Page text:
As a result of the shift in manufacturing and distribution functions from Japan to overseas, the number of out-out transactions conducted completely outside of Japan has increased. Consequently, the tax audit and tax assessment for such out-out transactions have strengthened. Also, the intangible transactions including royalty payment as well as services transactions are one of the major target areas at the tax audit with reflecting the arguments of the BEPS Action 8 to 10.

For Japanese companies, many foreign related parties that receive any benefit from Japanese parent's intangible assets and services are located in BRICs and other Asian countries where Japanese companies have their manufacturing and distribution functions with no large volume of tangible transactions with their Japanese parent company. Therefore, the rapid increase in the number of tax audits and tax assessments for intangible or service transactions with foreign related parties located in these countries are one of the major characteristics in recent Japanese TP audits.

Also, it can be observed the target of TP audits has recently shifted to small and medium-sized companies including foreign companies' subsidiaries. According to the outline of actual audit results for corporate tax and others, released by the National Tax Agency (NTA), the number of TP assessment cases was 218 in FY2015 (the year ended in June 2016). However, the TP assessment amount was JPY 13.7 billion, which was continuously decreased. As a result, the average TP assessment amount per case was below JPY 100 million (in FY2015 JPY 63 million, but in FY2013 the amount per case was JPY 320 million).

This situation indicates the big cases at multinational companies have already gone around and these large companies have taken preventive measures, most commonly TP documentation and advanced pricing agreement (APA), but small and medium-sized companies might neither take such measures nor have TP documentation. Another reason will be the change in TP and tax audit procedures. In Japan, transfer pricing audits had traditionally been conducted separately from corporate tax audits, and TP audits were made separately by a specialised transfer pricing audit team in a regional tax bureau. However, as the result of the tax reform in FY2011, from January 1 2013, transfer prices have been audited as a part of corporate tax audit in principle. The corporate tax audit is regularly conducted, targeting not only large enterprises but also small and medium-sized companies. The increased number of target companies for transfer pricing audits will lead to an increase in the number of TP assessment cases and a decrease in the amount of TP assessments per case.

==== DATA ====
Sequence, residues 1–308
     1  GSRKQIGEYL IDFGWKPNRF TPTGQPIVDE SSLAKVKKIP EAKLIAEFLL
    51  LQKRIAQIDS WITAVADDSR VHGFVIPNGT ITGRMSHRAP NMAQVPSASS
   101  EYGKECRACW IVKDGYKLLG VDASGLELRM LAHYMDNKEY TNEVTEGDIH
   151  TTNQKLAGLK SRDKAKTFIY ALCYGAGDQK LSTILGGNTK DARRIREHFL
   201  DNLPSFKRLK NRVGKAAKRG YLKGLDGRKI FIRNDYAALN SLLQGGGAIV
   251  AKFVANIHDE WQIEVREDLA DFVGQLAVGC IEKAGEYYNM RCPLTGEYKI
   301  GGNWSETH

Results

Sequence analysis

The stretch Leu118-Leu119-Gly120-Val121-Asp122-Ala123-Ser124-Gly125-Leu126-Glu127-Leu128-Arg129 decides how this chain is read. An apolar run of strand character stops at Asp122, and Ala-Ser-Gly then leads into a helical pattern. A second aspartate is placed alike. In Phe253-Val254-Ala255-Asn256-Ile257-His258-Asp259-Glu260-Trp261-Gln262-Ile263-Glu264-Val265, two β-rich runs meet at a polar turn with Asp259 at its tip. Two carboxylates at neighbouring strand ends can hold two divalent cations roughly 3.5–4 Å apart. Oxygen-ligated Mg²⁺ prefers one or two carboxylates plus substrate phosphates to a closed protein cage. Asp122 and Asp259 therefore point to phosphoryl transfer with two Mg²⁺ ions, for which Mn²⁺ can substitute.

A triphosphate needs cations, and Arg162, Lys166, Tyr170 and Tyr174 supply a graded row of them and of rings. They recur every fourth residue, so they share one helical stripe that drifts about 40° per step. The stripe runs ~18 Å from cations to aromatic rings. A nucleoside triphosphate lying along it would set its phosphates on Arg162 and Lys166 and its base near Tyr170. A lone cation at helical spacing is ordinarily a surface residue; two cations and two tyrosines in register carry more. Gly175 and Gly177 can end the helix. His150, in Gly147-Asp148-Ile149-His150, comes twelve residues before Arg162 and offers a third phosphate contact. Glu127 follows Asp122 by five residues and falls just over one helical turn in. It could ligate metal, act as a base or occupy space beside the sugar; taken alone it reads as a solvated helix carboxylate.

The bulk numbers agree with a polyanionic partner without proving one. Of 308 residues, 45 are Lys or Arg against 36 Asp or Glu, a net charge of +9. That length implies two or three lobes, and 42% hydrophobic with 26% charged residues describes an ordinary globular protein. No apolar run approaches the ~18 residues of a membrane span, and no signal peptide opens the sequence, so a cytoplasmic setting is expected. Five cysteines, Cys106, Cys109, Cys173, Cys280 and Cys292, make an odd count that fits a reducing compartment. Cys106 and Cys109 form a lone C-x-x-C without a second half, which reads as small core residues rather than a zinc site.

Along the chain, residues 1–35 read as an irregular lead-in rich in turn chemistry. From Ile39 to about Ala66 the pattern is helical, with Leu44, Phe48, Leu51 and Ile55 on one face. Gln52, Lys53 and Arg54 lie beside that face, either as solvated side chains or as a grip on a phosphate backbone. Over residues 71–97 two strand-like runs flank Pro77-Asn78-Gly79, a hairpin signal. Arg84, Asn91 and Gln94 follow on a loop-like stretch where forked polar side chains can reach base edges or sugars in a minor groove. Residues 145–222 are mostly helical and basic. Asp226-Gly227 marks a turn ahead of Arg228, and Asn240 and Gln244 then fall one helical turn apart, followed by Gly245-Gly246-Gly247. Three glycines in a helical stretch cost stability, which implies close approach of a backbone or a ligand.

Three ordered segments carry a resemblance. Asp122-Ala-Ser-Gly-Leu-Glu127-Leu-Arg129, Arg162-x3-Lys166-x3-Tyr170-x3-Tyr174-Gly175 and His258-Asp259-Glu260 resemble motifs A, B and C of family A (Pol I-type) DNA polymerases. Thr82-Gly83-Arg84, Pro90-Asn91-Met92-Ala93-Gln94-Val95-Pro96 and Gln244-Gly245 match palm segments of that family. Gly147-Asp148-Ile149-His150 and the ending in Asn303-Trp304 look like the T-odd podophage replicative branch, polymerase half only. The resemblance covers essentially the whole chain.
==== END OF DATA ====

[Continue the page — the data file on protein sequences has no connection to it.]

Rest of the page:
In addition to TP assessments, another major issue is that Japanese tax examiners often challenge to view the small amount of transactions as a donation to foreign related parties at regular tax audits. When a tax examiner finds that a transaction in which a taxpayer does not receive any remuneration or that the tax assessment amount is minimal in the process of tax audit, the tax examiner may try to regard it as a donation to foreign related parties. Similarly, some companies may be required to make voluntary tax adjustments. The survey of status of field audit for corporations engaging in overseas transactions released by the NTA reports the number of tax assessment cases is 3,362 and the tax assessment amount is JPY 230.8 billion (including TP assessment) in FY2015, which is significantly larger than the TP assessment amount statistics. In addition, since the statistics do not include any voluntary tax adjustment by tax payers, the actual number of cases and tax assessment amount resulted in double taxation in relation to the controlled transactions with foreign related parties will be considerably larger than those disclosed in the statistics by the Japanese tax authority. Considering these circumstances, the Japanese tax payers are supposed to surely take measures including TP documentation in order to minimse TP risk for related party transactions in advance.

Dispute resolution (including APAs)

In Japan, APA is one of the popular options to avoid potential TP risk and enhance predictability as well as transparency of taxation. Also, tax audits in Japan are made periodically, and the level of tax audits is normally much moredetailed. The number of taxpayers who consider filing the APA in order to minimise the burden of tax audit in relation to transfer pricing areas, to avoid TP risk, and to strengthen their compliance with regulations have increased. APAs provide such merits to taxpayers, and thus the number of APA cases is increasing. The NTA also recommends applying bilateral APA as an effective way to improve predictability. In FY2015, the number of APA applications increased to 134 cases and the number of cases closed were 100, with 330 cases still pending.